Then one lovely blue sky summer day in the park, Deena brought up the subject of marriage. I did love her but was uncomfortable with the notion of getting married…again. She’d leave the subject for a time and but then bring it up again. To be honest, I hadn’t planned for another “binding legal relationship” and would be just as happy to leave things as they were. But Deena by now had her agenda on the front burner.
Therefore, I conjured up a very gentle plan to become, bit-by bit, more distant from her, perhaps motivating her to date and, hopefully, become aligned with another man. There was no way I would do a hard breakup with Deena because I deeply cared for her. I just wasn’t ready for what she had in mind.
Then one night, when Deena and I were at a party, an acquaintance who had just graduated from dental school and was practicing at one of the Manhattan clinics happened to be there. The new dentist, Deena and I spent most of the evening chatting.
The following weekend, when we were hanging out in Central Park, who, but the dentist from the party, happened to glide by on his bike (another against all odds happenchance). I hailed him over and we three, again, spent some time together. I thought I was being clever but also gentle, by steering the conversation to more of a Deena and dentist dynamic.
Next thing I knew, to my delight, the dentist had asked Deena out. However, she thought she was in a delicate position vis a vis her and me, but I played my role (reluctantly, per design), and said it was ok by me that she go out with him.
They dated for a few months. By then, Deena confided that she and the dentist were becoming quite serious. I was truly happy for her.
As you can probably deduce by now, Deena was quite a sexually liberated woman. She also wanted to play her cards skillfully and not rush into the dentist’s bedroom. So she devised a brilliant plan and asked me to become a co-conspirator. The plan was thus: after each date with the dentist, she would come to my apartment with a change of clothes, stay the rest of the night with me and leave for work from my place the morning.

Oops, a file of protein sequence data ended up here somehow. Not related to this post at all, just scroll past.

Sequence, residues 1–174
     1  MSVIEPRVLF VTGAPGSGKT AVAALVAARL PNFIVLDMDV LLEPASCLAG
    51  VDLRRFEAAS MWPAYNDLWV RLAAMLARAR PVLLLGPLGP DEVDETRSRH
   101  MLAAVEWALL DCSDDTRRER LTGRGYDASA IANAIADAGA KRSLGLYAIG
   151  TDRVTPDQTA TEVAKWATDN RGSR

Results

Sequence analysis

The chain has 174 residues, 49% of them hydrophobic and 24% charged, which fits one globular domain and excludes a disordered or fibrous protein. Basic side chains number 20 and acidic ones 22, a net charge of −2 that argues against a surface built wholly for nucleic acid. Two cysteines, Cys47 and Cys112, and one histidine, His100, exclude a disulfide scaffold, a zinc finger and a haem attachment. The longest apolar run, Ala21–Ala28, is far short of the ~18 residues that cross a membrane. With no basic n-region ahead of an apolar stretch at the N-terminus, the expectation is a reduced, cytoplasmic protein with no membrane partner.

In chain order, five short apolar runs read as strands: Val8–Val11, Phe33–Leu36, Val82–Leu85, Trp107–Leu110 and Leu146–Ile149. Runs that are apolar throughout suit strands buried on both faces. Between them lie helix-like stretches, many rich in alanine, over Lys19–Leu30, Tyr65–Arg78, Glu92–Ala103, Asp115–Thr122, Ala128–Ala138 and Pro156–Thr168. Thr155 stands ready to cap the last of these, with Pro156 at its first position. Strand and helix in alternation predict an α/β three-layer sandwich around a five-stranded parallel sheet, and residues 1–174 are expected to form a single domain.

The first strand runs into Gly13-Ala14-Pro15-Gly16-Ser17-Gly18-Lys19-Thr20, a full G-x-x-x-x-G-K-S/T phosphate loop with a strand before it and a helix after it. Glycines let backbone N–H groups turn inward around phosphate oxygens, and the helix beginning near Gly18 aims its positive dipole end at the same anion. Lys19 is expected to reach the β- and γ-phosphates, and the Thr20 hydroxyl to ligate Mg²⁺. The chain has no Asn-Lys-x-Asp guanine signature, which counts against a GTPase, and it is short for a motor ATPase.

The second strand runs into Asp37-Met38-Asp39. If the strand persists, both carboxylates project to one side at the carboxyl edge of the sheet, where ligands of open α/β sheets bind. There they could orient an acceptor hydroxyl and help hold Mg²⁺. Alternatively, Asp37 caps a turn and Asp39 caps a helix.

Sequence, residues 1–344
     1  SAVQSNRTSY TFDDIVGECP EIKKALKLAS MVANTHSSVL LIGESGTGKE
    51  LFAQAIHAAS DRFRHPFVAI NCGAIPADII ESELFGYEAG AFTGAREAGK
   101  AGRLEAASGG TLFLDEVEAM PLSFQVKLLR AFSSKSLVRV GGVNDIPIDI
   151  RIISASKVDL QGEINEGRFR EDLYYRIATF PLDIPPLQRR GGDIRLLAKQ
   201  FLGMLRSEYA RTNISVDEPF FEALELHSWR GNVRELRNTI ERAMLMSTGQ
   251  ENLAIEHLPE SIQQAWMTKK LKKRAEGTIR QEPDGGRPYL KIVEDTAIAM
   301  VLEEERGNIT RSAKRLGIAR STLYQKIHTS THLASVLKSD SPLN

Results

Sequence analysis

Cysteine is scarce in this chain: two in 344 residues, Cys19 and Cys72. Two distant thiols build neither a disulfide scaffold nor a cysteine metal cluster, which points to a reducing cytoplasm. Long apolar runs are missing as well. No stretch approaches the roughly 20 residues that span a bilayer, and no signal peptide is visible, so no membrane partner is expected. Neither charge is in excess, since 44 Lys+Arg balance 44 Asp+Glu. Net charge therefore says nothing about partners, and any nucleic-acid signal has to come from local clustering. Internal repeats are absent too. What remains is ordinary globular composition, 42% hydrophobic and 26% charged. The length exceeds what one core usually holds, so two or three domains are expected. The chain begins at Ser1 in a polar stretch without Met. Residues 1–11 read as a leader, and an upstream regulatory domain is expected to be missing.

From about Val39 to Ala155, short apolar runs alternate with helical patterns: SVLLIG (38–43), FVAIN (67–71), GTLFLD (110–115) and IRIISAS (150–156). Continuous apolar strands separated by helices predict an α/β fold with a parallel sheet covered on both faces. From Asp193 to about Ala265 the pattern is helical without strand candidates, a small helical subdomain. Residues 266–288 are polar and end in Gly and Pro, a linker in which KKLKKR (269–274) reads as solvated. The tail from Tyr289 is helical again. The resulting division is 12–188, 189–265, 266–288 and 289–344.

As a good friend, I agreed.
I’m glad to say this story has a happy ending. Her brilliant plan worked! After several months the dentist asked Deena for her hand. When the diamond was placed on her finger, Deena and I automatically dissolved our brilliant plan. They were married a year later.
Epilogue: Deena and I found each other on Facebook some forty years later. We agreed to meet for coffee (instead of an all-nude play) when I was next in Manhattan.
We met at an uptown Madison Avenue coffee shop (coincidentally the same street where I met her way back when). We never revisited our post university relationship but exchanged our present life experiences and information about our respective spouses, travels and jobs. She’s still happily married to the dentist and has a son who has just become a dentist and is interning at a New York dental clinic.
Deena never realized, way back when I tapped her shoulder on Madison Avenue, that she would rescue me from the emotional devastation of a divorce. Nor did she realize that I would change the rest of her life. Two things she’ll never know.
…thank you “Oh Calcutta.”
photo © Larry Frank